WASHINGTON - Following a recent report that identified a lack of security oversight from the Department of Veterans Affairs (VA) at its medical centers across the country, U.S. Senator Claire McCaskill is calling for details from the VA about what it is doing to work with medical centers in order to ensure the safety of their staff and the veterans they serve. As part of her inquiry, McCaskill requested information on security risk assessments at Harry S. Truman Memorial Veterans’ Hospital in Columbia, John J. Pershing VA Medical Center in Poplar Bluff, VA St. Louis Health Care System, and the Kansas City VA Medical Center.
“Improving standards of care for our servicemembers has long been a top priority of mine, and the physical security of VA medical centers and our veterans is critically important,” McCaskill said. “I look forward on getting details on new steps the VA will take to identify and shore up security gaps at its facilities in Missouri and across the country.”
A recent Government Accountability Office report stated that “[VA] facilities have been the target of violence, threats, and other security-related incidents” and found that the VA was not doing enough to identify and address security risks at its medical centers across the country. McCaskill is seeking details on the steps the VA plans to take in order to improve its oversight in this space. “VA medical centers provide critical care to veterans in Missouri and across the country, both in big cities and small towns,” McCaskill wrote to VA Secretary David Shulkin. “It is essential that facility security resources are being applied appropriately and based on the particular needs of the communities in which they serve.”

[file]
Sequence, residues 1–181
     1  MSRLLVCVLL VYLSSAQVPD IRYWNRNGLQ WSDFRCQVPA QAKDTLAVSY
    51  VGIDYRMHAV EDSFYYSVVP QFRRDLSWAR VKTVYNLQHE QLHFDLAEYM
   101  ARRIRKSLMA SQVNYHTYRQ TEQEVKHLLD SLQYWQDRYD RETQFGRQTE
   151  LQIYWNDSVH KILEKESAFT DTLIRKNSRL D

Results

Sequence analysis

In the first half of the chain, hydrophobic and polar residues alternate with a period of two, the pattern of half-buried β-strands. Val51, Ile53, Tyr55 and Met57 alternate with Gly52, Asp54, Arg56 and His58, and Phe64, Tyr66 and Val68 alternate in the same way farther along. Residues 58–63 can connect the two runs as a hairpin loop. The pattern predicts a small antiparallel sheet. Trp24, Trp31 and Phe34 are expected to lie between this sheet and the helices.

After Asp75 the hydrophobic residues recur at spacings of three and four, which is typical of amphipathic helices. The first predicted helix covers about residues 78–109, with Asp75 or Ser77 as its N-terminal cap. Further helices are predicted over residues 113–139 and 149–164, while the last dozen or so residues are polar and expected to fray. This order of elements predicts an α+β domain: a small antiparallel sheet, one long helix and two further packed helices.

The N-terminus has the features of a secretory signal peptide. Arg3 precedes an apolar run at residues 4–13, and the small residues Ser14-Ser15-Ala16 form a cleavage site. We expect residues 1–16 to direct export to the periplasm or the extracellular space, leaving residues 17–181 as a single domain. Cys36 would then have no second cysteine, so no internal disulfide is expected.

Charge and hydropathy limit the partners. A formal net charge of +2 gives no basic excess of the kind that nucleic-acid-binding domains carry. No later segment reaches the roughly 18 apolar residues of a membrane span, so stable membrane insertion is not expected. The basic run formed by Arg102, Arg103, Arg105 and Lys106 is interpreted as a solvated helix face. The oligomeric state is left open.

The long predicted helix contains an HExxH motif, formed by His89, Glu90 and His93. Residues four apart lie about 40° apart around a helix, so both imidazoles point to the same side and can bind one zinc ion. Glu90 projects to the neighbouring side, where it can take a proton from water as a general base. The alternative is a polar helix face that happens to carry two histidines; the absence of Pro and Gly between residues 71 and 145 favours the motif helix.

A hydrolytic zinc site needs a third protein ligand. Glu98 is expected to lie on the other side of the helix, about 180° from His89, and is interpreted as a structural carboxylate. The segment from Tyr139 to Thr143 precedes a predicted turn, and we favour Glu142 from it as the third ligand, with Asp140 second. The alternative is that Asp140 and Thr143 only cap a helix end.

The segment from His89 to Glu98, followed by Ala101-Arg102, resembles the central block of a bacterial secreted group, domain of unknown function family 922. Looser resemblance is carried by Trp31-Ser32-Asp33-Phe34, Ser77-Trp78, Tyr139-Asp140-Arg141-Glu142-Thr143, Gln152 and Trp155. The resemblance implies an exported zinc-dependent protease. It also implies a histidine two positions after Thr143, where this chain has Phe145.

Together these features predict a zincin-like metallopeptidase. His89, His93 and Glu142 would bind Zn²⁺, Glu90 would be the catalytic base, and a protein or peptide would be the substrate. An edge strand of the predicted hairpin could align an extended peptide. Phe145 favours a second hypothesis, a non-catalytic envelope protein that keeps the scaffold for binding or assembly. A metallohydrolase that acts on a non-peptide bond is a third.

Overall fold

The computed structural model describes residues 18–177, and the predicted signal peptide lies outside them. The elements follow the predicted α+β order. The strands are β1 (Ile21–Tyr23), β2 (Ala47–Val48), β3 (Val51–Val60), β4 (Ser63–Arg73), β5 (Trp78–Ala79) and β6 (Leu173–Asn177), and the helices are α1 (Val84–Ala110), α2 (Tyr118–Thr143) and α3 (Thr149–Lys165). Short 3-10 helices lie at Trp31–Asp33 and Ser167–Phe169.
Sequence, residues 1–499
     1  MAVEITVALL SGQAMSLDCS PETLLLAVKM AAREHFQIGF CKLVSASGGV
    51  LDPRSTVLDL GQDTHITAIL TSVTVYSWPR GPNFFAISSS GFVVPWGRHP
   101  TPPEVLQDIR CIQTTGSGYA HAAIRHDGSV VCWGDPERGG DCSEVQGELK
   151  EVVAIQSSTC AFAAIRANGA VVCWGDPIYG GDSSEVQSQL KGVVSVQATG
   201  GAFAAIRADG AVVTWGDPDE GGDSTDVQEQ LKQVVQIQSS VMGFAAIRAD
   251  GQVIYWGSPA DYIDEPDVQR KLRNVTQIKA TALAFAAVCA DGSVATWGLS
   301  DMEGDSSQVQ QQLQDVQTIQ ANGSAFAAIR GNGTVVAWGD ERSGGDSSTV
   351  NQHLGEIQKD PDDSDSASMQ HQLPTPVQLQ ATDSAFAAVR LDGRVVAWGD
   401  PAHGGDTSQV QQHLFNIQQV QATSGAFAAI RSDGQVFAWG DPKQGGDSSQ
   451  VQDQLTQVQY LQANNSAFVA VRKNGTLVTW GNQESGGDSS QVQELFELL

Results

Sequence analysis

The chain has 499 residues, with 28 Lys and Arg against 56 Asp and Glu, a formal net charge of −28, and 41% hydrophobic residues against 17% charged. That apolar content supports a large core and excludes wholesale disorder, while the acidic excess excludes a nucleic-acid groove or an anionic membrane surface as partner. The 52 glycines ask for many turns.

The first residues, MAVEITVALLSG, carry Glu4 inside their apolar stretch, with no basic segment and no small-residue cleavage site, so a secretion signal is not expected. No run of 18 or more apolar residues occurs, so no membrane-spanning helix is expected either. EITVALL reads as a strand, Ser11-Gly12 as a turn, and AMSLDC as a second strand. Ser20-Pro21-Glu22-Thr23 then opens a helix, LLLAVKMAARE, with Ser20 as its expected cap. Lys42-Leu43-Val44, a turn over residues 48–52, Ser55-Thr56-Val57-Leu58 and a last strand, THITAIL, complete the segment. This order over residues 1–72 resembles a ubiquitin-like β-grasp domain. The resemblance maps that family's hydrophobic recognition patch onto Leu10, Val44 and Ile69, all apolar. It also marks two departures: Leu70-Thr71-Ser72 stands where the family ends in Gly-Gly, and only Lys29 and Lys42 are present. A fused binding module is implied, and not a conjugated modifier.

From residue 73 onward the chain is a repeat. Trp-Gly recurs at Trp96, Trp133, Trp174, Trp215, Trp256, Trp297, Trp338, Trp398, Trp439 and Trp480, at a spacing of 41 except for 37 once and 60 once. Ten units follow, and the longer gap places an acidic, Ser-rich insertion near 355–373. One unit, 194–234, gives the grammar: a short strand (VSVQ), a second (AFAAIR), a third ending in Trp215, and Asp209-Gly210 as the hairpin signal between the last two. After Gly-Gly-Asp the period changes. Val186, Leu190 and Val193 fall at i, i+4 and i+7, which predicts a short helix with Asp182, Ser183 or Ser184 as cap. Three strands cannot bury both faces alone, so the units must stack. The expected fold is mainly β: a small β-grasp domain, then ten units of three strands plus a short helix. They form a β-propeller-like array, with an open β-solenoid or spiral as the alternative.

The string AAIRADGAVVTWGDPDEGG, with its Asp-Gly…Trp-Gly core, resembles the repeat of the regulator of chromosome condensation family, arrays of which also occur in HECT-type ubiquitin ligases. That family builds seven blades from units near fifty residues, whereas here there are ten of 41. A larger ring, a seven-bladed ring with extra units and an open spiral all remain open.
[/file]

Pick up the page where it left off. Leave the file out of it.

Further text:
One issue identified in the report was that the VA does not appropriately review risk assessments prepared by local VA facilities or ensure that recommendations for improving security are implemented. McCaskill requested information from the VA on when risk assessments were last completed for Missouri’s VA medical centers, if they were reviewed by relevant VA officials, and how the VA will include local and regional officials as it improves its oversight.
The daughter of a World War II veteran, McCaskill has a long history of standing up for veterans. She is seeking answers from the VA after a report finding that thousands of servicemembers with PTSD or other mental health conditions who received “other than honorable” discharges were potentially barred from receiving mental healthcare and other benefits. Following issues with construction at VA facilities in Missouri, McCaskill called for answers on what the agency’s Inspector General is doing to improve oversight over major construction projects.
Aiming to continue improvements to the quality of customer service at statewide VA facilities, McCaskill created a “secret-shopper program,” the Veterans’ Customer Satisfaction Program, which allows veterans to share timely, confidential feedback about their VA health care visits, and helps provide oversight and accountability for VA health care facilities. The program is now active in five regions: St. Louis; Kansas City; Columbia; Poplar Bluff; Southwest Missouri (Fayetteville). In 2016, following advocacy from McCaskill and more than one-thousand rural veterans in Missouri, the Department of Veterans Affairs announced it would expand the hours of operation at the Salem Veterans Clinic to be open Monday through Friday.
Read McCaskill’s letter to the Department of Veterans Affairs HERE.